Global CIO Forum in partnership with Nutanix and ARCON, successfully completed its half day websummit on the theme of Workforce Transformation, CIO Rethink and Reprioritise. The half day event was staged on 20 May on the GCF UniteWebSummit platform and saw more than 500 attendees participating including CIOs, IT decision makers, IT Managers, and business heads from multiple regions including GCC, Middle East, Africa, India, South East Asia and the US.
The opening keynote of the websummit was by Dr Khalid Saeed, Regional Advisor, Mental Health and Substance Abuse unit, Department of Non-Communicable Diseases and Mental Health, World Health Organisation. He spoke on the topic of mental health during the pandemic. Dr Saeed, pointed out, in much detail that stress and anxiety levels had gone up around the global population, and this must be recognised at the work place and in teams.
Excerpts from Dr Saeed’s slides describe this trend:
A national representative study in the Chinese population reported that almost 35% of respondents experienced psychological distress. A national study in Iran in March 2020 identified more than 60% of respondents in psychological distress. A national survey in the United States of America in March, reported that nearly half 45% of adults indicated that their mental health had been negatively impacted due to worry and stress over the virus. National surveys, local studies in Australia, Canada, Denmark, Ireland, India, Italy, Japan, and, South Africa all have reported that experiences on anxiety, depression, stress, and loneliness are widespread.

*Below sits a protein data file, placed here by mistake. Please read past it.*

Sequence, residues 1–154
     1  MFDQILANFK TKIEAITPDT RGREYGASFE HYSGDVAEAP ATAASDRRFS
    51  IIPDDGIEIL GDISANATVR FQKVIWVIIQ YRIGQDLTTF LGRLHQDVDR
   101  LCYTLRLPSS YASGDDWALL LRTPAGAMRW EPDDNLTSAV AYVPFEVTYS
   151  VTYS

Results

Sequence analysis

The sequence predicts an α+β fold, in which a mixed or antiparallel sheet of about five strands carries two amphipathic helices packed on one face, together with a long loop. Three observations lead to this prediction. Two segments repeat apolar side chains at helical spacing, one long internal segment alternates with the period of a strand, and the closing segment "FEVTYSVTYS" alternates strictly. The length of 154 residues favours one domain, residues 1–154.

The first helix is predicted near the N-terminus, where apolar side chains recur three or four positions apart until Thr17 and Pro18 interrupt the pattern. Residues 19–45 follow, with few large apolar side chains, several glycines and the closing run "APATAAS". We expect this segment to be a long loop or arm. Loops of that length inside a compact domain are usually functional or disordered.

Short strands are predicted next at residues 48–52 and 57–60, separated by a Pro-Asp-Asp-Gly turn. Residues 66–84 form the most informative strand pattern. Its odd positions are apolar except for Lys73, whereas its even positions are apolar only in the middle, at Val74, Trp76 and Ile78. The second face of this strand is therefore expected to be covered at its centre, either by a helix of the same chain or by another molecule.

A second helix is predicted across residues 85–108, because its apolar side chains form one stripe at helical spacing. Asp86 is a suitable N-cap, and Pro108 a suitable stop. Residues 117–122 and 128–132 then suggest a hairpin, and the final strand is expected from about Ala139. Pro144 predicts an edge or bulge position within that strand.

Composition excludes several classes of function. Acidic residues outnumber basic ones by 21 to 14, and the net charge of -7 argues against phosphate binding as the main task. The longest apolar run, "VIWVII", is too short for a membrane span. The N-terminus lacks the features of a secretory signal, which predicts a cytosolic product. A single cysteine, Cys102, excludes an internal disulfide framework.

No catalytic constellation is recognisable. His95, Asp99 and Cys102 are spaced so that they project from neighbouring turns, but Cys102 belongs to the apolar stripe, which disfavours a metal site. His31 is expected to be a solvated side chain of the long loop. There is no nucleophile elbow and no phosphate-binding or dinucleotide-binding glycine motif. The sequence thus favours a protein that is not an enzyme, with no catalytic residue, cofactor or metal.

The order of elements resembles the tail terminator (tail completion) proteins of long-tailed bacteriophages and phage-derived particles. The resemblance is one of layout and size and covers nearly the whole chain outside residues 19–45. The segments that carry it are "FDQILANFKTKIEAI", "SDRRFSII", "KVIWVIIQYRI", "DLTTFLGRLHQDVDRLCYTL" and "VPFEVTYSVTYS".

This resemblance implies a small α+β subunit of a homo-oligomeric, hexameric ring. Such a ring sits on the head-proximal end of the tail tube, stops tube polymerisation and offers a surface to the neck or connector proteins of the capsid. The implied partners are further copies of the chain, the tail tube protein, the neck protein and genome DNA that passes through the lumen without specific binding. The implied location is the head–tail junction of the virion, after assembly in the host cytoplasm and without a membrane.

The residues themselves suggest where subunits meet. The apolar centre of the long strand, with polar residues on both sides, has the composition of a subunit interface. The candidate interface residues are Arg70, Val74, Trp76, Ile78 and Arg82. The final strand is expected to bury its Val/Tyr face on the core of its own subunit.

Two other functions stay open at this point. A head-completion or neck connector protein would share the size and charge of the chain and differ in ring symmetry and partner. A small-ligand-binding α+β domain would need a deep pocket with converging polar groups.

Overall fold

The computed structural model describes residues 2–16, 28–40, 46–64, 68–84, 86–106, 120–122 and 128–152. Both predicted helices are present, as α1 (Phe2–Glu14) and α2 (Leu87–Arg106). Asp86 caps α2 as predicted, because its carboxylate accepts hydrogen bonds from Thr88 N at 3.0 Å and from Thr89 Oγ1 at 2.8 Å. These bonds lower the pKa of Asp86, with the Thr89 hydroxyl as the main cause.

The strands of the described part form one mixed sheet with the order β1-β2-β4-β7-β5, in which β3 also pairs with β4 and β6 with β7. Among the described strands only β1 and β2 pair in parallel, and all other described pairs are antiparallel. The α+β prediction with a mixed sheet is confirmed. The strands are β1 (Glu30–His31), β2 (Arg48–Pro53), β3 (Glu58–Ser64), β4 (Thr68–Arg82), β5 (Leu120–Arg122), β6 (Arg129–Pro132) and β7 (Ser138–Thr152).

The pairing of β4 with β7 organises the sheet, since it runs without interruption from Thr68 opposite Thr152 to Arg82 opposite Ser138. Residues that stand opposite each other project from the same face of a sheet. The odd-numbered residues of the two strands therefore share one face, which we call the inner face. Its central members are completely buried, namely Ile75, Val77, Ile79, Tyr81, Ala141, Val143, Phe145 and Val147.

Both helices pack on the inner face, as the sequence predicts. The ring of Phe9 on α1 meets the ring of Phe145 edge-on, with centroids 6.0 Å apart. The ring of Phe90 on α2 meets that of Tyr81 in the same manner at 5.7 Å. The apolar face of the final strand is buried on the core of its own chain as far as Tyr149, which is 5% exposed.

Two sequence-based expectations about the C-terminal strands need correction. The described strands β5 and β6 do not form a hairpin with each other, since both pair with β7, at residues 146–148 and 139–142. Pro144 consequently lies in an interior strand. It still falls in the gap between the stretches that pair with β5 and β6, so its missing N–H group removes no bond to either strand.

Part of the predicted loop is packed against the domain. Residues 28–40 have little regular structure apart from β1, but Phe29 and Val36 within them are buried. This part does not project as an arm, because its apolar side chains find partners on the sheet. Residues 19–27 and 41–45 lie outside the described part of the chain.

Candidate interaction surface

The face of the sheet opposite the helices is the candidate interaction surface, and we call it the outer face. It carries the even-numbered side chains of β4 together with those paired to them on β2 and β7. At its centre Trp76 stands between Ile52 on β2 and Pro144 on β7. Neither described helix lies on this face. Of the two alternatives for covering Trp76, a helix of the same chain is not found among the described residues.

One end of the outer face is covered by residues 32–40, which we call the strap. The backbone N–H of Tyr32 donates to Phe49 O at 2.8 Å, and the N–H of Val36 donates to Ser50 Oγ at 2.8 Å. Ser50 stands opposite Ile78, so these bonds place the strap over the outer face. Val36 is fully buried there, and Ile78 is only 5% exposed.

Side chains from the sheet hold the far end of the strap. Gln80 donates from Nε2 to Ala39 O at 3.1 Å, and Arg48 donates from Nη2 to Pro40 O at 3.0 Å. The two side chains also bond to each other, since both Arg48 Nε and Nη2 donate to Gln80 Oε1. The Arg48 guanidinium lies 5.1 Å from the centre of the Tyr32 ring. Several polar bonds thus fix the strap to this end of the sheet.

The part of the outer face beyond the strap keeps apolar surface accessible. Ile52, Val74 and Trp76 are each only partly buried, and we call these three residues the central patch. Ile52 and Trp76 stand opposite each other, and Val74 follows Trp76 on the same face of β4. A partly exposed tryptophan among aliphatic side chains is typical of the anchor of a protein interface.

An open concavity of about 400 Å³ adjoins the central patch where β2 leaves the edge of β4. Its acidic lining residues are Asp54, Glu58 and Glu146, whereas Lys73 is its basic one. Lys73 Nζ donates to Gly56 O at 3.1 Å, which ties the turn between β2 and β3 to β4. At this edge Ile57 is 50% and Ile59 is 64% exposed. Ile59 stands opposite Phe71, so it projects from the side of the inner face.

A study conducted among Italian and Spanish parents indicated that 86% of parents perceived changes in their children’s emotional state and behaviors – difficulty concentrating 77%, irritability 39%, restlessness 39%, nervousness 38% and feelings of loneliness 32%.
Statistics from Canada reported that 20% of the population aged 15-49 increased their alcohol consumption during the pandemic, and in Ireland, 40% increase in sales was observed in 4 weeks during March in comparison with similar period of previous year. Data from China suggest that frequent exposure to social media is related to anxiety, depression, and stress during the outbreak.
The next presentation was by Ajay Rathi, Director of IT, Dubai Healthcare City Authority, who presented how we need to rethink our workforce. Rathi pointed out that previously only 10% of the global workforce used to work remotely. He presented country-wise statistics on remote working with a baseline of March 2019. Today it is close to 100%. Because of this human resource policies of an organisation will change and workers will be measured on output and not on input, that is how many hours of work they put in. Rathi also presented the changing value system of the remote work force that will change human resource policies.